Continuing the blog mini-series I’ve been doing over the last couple weeks about ensuring that we use data correctly, this week’s post is about the prosecutor’s fallacy. But while my other posts pulled different examples from all over — some serious and some silly — this one will focus on a single instance.
The Sally Clark story is, quite possibly, the most famous example of prosecutor’s fallacy. It’s also a chilling warning about how important it is to make sure we understand what our data is saying.
Who is Sally Clark?
If you haven’t heard the Sally Clark story before, be prepared. It’s a grim tale. Sally Clark was a successful lawyer, happily married, and a new mother when things first started to go wrong for her. She discovered her 2-month old son Christopher in his crib, not breathing. An ambulance was called but attempts to resuscitate him failed. His death was blamed on Sudden Infant Death Syndrome.
Around a year later, Sally and her husband Steve were hit with another tragedy. Their second son, Harry, was also found dead at around 2 months old. An ambulance was called, but the boy could not be saved. This time, the coroner determined there was something suspicious about the boy’s death, which in turn prompted a deeper investigation into his brother’s death one year prior.
Sally Clark was subsequently charged with the murder of both her children and convicted based on statistical evidence that was later determined to be flawed. Sally served three years in prison before her life sentence was overturned. She died of alcohol poisoning a few years later, apparently having never recovered from the tragic events.
The Stats That Ruined Everything
There were a few problems with the math that was used in the court. For today, we’re going to focus on the fundamental flaw of how the witness asked the question. He fell victim to the prosecutor’s fallacy.
Pediatrician Sir Roy Meadow testified as an expert witness at Sally Clark’s trial. His argument was that if the probability of one child in a healthy, high-income household succumbing to SIDS were 1 in 8,500, then the likelihood of losing two children to the same phenomenon was 1 in 73,000,000 (8,500 squared). [Side note: there are lots of problems with this decision – but that’s for another post]. With the odds stacked against her, Sally Clark was found guilty.
However, this is the probability of the evidence given innocence. That’s the wrong question. This is not the probability that matters when determining innocence. To put it another way: this numerator and denominator answer an irrelevant question.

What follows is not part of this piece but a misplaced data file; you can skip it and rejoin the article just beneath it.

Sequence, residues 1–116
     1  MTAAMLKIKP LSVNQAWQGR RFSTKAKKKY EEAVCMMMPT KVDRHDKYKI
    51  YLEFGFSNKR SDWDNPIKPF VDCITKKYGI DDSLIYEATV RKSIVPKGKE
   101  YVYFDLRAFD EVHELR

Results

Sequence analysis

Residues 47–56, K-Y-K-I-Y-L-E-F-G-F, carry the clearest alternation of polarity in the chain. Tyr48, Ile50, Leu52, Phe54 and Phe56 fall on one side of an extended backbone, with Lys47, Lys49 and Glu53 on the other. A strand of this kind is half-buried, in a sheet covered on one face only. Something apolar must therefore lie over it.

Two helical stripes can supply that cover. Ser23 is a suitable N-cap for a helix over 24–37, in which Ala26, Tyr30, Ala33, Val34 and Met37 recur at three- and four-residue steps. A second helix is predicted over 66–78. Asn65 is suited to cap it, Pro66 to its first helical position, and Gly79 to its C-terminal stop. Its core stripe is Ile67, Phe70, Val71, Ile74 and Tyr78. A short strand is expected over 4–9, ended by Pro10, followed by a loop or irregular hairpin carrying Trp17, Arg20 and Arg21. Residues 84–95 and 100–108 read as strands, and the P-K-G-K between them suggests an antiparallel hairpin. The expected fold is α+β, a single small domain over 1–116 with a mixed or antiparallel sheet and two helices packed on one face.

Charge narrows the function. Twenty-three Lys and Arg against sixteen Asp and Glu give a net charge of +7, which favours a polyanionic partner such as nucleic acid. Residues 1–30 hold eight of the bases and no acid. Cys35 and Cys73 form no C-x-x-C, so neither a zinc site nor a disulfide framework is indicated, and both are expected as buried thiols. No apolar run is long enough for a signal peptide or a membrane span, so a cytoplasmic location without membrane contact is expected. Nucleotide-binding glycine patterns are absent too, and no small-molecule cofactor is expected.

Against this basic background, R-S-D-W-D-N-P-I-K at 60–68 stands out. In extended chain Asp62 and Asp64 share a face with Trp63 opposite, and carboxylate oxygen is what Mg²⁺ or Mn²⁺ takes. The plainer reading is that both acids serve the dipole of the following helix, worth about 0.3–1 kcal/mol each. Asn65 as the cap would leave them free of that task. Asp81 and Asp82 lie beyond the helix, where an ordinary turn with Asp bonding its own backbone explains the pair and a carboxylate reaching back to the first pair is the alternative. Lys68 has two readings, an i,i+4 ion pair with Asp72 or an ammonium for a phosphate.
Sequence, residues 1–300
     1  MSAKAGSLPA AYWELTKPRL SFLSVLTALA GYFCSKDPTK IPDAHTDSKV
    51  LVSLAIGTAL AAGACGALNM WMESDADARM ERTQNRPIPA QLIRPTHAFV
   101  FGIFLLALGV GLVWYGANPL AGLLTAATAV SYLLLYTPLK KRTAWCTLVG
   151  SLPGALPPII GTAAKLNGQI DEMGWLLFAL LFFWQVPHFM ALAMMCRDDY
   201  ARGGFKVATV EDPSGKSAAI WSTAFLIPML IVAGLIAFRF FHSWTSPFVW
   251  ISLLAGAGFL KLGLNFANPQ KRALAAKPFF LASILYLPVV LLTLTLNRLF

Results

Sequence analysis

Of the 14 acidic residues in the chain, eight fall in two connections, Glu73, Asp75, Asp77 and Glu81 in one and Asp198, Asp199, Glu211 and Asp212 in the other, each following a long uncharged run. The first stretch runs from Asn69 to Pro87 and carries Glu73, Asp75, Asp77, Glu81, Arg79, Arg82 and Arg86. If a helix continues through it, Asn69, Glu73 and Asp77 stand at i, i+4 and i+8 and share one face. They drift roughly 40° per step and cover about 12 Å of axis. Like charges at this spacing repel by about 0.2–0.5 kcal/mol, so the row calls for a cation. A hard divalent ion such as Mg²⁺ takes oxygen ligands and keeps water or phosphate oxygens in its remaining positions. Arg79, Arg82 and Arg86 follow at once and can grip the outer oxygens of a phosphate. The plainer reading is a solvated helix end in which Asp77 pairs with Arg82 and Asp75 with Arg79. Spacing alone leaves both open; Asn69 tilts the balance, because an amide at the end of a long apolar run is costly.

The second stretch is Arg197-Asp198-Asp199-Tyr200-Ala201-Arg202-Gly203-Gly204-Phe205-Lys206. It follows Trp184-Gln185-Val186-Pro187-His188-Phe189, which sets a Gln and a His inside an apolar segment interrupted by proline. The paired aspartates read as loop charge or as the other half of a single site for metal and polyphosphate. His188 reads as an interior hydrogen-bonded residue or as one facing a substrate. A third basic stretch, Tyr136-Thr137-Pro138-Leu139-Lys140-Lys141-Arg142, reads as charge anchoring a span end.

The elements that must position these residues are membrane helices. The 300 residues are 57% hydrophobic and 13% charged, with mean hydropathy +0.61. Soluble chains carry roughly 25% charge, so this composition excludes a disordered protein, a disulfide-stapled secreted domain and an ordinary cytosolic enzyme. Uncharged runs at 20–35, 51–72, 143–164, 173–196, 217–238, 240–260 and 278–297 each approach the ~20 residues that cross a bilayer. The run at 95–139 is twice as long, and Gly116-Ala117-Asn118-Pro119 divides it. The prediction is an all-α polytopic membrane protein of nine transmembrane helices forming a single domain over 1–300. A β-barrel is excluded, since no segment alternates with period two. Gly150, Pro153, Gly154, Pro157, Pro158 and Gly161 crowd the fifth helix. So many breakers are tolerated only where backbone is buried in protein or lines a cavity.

The relevant question is the opposite. Instead of examining the probability of the evidence given innocence, we should look at the probability of innocence given the evidence. In other words, what are the chances that these babies died from unexplained natural causes vs the chances these babies died from murder?
And there lies the prosecutor’s fallacy. Sally Clark’s conviction was based on how likely it was that two children in the same household could die (probability of the evidence given innocence).
What it should have looked at was the likelihood that Sally Clark could be innocent under the circumstances (probability of innocence given evidence). There was a two in three chance these babies died from SIDS or other unexplained natural causes.
Prosecutor’s Fallacy isn’t Just For Prosecutors
The careful use of conditional probability is necessary for anyone who works with data. People who work in courts aren’t the only ones who can fall victim to prosecutor’s fallacy. Here are some other examples of cases where asking the right question is critical.
Death and Violence Rates
The following two questions look very similar, but will get you very different results:
- Given a successful suicide, what percentage used a certain method?
- Given attempted suicide using a certain method, what percentage were successful?
Ecology and Climate Change
Same thing here. Studying dead swamps and their characteristics as predictors of death:
- What are predictors given death?
- How likely is death given predictors?
Health and Medicine
The chances of having a heart attack if you have high cholesterol are not the same as the chances that a heart attack victim has high cholesterol.
Prosecutor’s fallacy is a dangerous data trap. Asking (and answering) the wrong question can have life-changing impacts if we’re not careful. If you’d like help ensuring you’re not falling victim to prosecutor’s fallacy, we can help. Get in touch with Datassist today.